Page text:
Successful Gun Shops are Different, Competitive & Customer Centric
Des Moines, Iowa – -(Ammoland.com)- Competition is a good thing. It always raises an interest in an area.
The traditional way to think of competition is there is only one winner at the end of the run. But that’s not how the marketplace really works.
To understand your market and how to reach it, we've come up with three ways of looking at competing in a competitive market place.
First, you must “Differentiate” yourself. Your offering of products and services should fill the basic needs of customers with the added twist of something greater or better than they can get from all those other folks out there trying to sell to the same customer.
As a Gunsmith or Gun Shop, you'll compete with “big box” stores that have overlapping items at possibly better prices than yours. Then there are the “trunk of his car” guys who can deliver products right now to be used in the field – but their primary warehouse is what they're carrying with them to sell to some of the shooters at the range, or other competitors at a match.
Obviously, if you have a bricks-and-mortar location, you will fall somewhere between these two in size and floor space. All three types of businesses bring great value to the outdoor market. But, to succeed, you need to do something with your store or your staff that takes you out of the background noise and gets people thinking about you as the place to go.
Examples of effective differentiation could be making your shop the local Three Gun Shop or catering to Western shooters or being the big Custom rifle/pistol/shotgun shop in your area. Or have the best selection of optics and service ’em all, offer the best custom ammo loads, post all the local match scores on the wall, have a wonderful layaway program, or . . . So you're going to have to do your homework. Spend some time wandering through other stores for some ideas. Read their newspaper ads and local channel TV and radio ads. Learn what they're doing, but don't copy it. Come up with something that will cause the customers out there to recognize that you’re different, you'll treat them better, or offer a unique service the other guys don't have.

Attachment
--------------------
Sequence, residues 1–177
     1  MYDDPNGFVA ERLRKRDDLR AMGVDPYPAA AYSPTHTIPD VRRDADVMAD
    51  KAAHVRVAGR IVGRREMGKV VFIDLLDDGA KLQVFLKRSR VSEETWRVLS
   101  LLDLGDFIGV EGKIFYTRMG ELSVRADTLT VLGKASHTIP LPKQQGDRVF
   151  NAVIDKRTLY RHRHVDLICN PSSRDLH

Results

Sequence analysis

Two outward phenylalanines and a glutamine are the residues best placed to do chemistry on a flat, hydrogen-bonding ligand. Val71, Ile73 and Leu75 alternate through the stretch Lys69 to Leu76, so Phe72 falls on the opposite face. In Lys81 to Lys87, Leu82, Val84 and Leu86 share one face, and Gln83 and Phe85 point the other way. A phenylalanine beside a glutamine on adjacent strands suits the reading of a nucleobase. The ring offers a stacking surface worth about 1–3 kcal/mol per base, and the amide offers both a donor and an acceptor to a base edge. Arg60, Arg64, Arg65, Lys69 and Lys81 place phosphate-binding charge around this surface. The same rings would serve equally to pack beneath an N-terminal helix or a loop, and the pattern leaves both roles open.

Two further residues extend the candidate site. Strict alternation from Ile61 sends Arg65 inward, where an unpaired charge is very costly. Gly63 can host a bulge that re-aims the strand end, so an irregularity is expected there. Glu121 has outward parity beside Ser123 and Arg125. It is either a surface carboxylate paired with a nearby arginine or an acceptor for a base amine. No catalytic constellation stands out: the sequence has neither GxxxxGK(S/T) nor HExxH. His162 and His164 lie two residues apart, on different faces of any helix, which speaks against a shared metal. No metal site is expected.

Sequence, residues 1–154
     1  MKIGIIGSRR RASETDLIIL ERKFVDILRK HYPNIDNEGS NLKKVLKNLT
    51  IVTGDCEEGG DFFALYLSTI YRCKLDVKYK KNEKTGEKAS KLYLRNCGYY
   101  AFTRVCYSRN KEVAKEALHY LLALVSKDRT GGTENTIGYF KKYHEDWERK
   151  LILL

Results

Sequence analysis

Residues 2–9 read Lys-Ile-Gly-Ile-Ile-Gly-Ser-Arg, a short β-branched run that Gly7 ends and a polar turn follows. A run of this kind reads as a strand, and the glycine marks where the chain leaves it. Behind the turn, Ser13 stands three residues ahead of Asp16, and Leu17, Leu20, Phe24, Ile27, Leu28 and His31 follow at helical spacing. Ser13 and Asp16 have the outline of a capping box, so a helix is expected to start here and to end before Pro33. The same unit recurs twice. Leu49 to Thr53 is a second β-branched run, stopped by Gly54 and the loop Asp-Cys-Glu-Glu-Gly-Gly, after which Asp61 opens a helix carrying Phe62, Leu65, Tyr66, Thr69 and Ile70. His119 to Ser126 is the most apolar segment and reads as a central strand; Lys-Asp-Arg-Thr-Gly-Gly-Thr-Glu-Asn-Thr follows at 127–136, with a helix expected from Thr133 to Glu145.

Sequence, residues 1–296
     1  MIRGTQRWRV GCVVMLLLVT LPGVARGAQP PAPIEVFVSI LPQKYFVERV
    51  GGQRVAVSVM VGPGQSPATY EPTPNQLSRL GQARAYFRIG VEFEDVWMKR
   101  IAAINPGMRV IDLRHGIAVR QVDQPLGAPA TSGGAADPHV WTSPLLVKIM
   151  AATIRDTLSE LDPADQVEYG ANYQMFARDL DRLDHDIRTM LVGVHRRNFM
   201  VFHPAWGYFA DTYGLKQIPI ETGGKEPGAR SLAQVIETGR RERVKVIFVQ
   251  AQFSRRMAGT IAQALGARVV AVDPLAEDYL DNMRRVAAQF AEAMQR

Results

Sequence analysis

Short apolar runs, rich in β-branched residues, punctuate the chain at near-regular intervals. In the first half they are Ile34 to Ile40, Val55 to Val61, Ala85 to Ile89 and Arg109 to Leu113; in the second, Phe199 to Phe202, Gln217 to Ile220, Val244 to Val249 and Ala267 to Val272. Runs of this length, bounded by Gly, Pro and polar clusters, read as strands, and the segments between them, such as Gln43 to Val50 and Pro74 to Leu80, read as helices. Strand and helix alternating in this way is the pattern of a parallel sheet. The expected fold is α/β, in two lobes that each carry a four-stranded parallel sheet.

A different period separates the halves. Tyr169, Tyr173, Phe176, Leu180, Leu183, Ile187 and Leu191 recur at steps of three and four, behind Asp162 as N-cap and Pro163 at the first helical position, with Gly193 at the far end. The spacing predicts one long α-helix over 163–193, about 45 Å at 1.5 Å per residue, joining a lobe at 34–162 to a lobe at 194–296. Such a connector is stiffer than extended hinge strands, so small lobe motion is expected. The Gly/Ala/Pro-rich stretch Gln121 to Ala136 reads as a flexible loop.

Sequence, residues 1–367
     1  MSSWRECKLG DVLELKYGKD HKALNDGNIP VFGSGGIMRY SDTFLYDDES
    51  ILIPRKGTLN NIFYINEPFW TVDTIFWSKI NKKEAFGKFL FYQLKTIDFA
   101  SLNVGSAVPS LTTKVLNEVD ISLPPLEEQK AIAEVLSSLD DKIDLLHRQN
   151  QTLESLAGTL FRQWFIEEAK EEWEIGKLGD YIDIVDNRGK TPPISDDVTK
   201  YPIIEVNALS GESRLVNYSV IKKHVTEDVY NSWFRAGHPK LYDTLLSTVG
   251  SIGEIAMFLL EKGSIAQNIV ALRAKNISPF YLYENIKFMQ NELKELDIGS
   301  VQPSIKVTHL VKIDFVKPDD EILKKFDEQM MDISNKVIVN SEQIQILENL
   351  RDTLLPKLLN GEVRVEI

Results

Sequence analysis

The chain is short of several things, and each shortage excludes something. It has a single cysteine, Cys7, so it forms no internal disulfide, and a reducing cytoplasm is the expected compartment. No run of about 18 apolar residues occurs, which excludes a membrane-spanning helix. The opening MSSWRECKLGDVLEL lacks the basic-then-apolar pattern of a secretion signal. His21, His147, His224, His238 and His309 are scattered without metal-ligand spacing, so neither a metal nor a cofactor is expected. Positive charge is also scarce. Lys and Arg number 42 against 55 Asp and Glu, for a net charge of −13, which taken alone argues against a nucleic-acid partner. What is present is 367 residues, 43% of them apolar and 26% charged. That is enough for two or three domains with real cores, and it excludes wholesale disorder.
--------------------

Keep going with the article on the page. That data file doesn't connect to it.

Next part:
OK – so think outside the box; come up with a neat, recognizable, marketable way to make you stand out from the crowd.
Second, try “Clustering”. Try to get a group of “Like-hobby” suppliers and services to open up shops in the same neighborhood or strip mall or area. Think about it. If you’re a gunsmith, why not open up close to a full-line sporting goods store? Then the customer can buy some of their stuff over there and bring it to you to put together or mount or adjust to fit or whatever. Carry the idea further . . . using the concept of “Coopetiton”, you link up with all kinds of folks and shops serving the same customers, but each of you has something unique to differentiate your shop, as we discussed above. You can link up with shooting ranges, taxidermists, guides/guide services, archery shops, or reloading shops. The whole idea is to be cooperating and competing together. The key to “coopetition” is to specialize but be in the same marketplace.
Third, Understand Your Customer. Really finding out what your customers want and what their future needs will be is a tricky business. You can find out by asking them, doing a survey, or by just checking the sales slips copies and making a chart. You'll soon know – and then you can use that knowledge to do a better job of differentiating, of knowing which product areas have growth potential for your shop.
For instance, Iowa is a shotgun-only state for deer – except for 2 rows of counties on our Iowa/Missouri border where rifles can be used. Therefore, your customer analysis and common sense will tell you not to load up on centerfire rifle ammo or rifles for deer season. However, figuring out the deer slugs in all of their permutations and finding out which your customers like to shoot would definitely be a step in the right direction. And could easily lead to that necessary differentiation I talked about earlier.
Today’s competition requires you to meet a minimum threshold of competency in your gunsmithing or your outdoor retailing, with the added twist of a specialization – say in competition rifles, three gun, concealed carry, or range experience – tagged onto your retail store. Having the same products and going head to head with more established large retailers is a recipe for disaster. Nobody wants that.
So, think about the above guidelines. Figure out how to make your shop unique, how to hook up with customer-connected specialty shops, and really understand your customers. All basic requirements for your shop to succeed.
Well, yes, it might be tough. But thinking outside your comfort zone, your “box” as it were, might just be the place to start!
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